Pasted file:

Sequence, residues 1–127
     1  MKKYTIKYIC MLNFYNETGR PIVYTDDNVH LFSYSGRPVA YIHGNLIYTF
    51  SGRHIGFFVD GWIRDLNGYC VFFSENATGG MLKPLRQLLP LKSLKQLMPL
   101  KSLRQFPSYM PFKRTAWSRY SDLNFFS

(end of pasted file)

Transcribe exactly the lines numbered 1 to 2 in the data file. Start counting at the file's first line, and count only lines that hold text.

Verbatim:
Sequence, residues 1–127
     1  MKKYTIKYIC MLNFYNETGR PIVYTDDNVH LFSYSGRPVA YIHGNLIYTF